The report restates the strong opposition by Intersociety to (a) militarisation and police siege in Southeast and South-south, (b) targeted disruption through needless military operations (python dance and crocodile smile) and police siege, of socio-economic activities of the citizens of the two regions particularly disruption of their peaceful movements during Christmas and New Year festivities and deliberate entrapment on their fundamental rights to freedom of movement and religion, (c) seeming execution of ethnic and religious agenda in the two regions including deliberate gross lopsidedness in the location, composition, manning and management of key military and policing formations in the two regions, (d) brutal economic exploitation of the two regions and their peace loving and industrious people through series of unjustifiable and unwarranted war-like military and “internal security operations” and their attendant official roadway robberies and other corrupt practices.
Others are: (e) needless, militant and provocative embarkation of the so called “Army Python Dance IV” and “Crocodile Smile IV” in the two regions and (f) further threats to the lives and properties of the People of the two regions and militarization and radicalisation of their psyches with “gun-culture mentalities, (g) planned flooding of the two regions with alleged greater number of Federal Toll gates and (g) acute neglect of the federal road, railway and aviation facilities in the two regions particularly the fact that 70% of the federal roads in the two regions are in deplorable, if not in acute deplorable state. Intersociety further seeks for total accountability for the N306b criminally collected at gun point from the peace loving and defenseless citizens of the Southeast and the South-south and their collectors or perpetrators as well as an end to the age long systematic and well oiled criminal practices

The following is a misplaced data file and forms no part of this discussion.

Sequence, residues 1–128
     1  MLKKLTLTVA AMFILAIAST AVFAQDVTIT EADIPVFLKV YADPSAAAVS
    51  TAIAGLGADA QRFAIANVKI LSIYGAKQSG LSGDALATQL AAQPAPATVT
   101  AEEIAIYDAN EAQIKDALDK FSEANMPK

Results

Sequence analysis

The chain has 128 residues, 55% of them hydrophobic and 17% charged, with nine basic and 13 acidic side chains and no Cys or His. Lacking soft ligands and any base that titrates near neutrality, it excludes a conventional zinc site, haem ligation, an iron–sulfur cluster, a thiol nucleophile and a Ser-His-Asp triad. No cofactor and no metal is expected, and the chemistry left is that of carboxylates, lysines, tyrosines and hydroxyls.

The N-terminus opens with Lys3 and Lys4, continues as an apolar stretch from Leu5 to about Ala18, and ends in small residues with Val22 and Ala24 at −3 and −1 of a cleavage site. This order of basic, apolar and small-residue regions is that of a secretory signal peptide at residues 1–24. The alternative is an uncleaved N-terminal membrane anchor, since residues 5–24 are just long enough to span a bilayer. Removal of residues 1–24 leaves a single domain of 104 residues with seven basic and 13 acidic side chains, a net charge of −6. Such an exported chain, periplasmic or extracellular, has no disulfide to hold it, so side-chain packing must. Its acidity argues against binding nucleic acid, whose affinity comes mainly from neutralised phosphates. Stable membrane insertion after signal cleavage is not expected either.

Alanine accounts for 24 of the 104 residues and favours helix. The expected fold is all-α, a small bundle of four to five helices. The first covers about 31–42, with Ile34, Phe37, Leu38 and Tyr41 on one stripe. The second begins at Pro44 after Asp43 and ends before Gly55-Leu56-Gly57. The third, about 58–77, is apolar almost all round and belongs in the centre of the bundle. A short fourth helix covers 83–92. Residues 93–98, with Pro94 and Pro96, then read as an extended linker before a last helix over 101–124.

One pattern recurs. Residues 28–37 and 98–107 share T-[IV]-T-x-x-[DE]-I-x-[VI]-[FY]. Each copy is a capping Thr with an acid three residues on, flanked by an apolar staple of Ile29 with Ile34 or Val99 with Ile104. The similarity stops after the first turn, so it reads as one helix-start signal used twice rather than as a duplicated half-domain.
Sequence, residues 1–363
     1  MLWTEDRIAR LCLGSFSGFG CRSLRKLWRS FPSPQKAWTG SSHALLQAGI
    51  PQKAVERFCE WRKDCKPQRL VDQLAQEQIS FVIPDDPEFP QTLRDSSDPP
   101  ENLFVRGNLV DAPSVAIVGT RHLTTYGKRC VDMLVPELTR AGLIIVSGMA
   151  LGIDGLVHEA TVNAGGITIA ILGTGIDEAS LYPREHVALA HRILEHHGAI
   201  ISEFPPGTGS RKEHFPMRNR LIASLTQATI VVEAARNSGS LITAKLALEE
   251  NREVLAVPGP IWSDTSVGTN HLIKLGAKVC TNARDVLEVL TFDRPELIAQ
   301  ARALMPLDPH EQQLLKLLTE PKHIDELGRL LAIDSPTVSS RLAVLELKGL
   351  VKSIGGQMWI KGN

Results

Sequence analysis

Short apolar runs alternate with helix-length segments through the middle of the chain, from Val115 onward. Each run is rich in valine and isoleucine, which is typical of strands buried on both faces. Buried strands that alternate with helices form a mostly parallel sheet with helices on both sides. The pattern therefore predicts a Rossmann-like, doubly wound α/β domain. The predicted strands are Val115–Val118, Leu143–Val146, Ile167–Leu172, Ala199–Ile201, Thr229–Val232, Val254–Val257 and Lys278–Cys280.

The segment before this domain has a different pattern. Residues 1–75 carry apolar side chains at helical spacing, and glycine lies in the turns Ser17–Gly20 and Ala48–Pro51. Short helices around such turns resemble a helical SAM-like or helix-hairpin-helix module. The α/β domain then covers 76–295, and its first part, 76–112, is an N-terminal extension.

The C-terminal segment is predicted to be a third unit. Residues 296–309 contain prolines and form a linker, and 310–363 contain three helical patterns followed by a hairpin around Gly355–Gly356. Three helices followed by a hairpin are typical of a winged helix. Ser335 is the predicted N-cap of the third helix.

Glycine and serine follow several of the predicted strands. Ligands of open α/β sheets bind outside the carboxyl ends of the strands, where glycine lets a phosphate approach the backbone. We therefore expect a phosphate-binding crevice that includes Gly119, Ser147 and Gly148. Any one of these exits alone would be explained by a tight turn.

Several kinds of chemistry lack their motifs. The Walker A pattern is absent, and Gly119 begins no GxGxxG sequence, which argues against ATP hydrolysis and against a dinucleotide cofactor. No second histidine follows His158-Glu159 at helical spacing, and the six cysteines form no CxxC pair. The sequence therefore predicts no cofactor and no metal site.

How We Came About The N306bn Total Extortion Figure
Police Roadblocks In The Southeast: From Anambra State where N26.1bn was illicitly collected from 250 roadblocks (August 2015-August 2016), 500 (August 2016-August 2017) and 800 (August 2017-Dec 2018), N7.7bn, at average of N40,000 per roadblock daily was added from 800 roadblocks found between Jan and Oct 2019; totaling N33.8bn in 50 months. Abia State recorded N22bn from 200, 400 and 700 roadblocks under the same period at same N40,000 per roadblock daily, in addition to N7.7b from 800 roadblocks found between Jan and Oct 2019; totaling N29.7bn. Under the same period, Imo, at average of N30,000 per roadblock daily, recorded N16b while Enugu and Ebonyi, at N25, 000 per roadblock daily, recorded N10.5bn each; bringing the grand total to N99.6bn. Extra “dark figure” of N2.6bn was added, landing the total to N102.6b for the Southeast in 50 months.
Police Roadblocks In The South-south:
Delta State, at average of N40,000 per roadblock daily for 450 police roadblocks found in the State between August and Dec 2018 or in forty months, N21.6bn was illicitly collected and between Jan and Oct 2019 (past ten months), at same N40,000 for each of the 600 police roadblocks found in the State, N7.2bn was added, bringing the total to N28.8bn. In Edo State, same N28.8bn was illicitly collected in the same period as well as in Rivers and Cross River States with N28.8bn each. The above named States possess high number of extortionist items including high volume of trade and road transport commercial activities as well as movements of oil and gas products and associated roadblock extortion. They are more of ‘blue-collar’ than ‘white-collar’.
But in Akwa Ibom and Bayelsa States, it was N30,000 for each of 350 projected police roadblocks in each of the two States, between August 2015 and October 2018; totaling N12.6bn each. Between January and October 2019, additional N3.6bn was illicitly collected by each of the 400 roadblocks mounted in the two States; totaling N16.2bn each (N32.4bn for the two States). The two States have lower extortionist items and bear semblance of relatively ‘white-collar’ status. In summation, therefore, it is likely correct to say that the projected 3000 police roadblocks in the South-south had illicitly collected total of N147.6bn in the past 50 months or four years and two months. When this is added to N102.6bn illicitly collected by 3,300 police roadblocks in the Southeast, the two totals come to N250bn.
600 Military Roadblocks In Southeast & South-south Regions: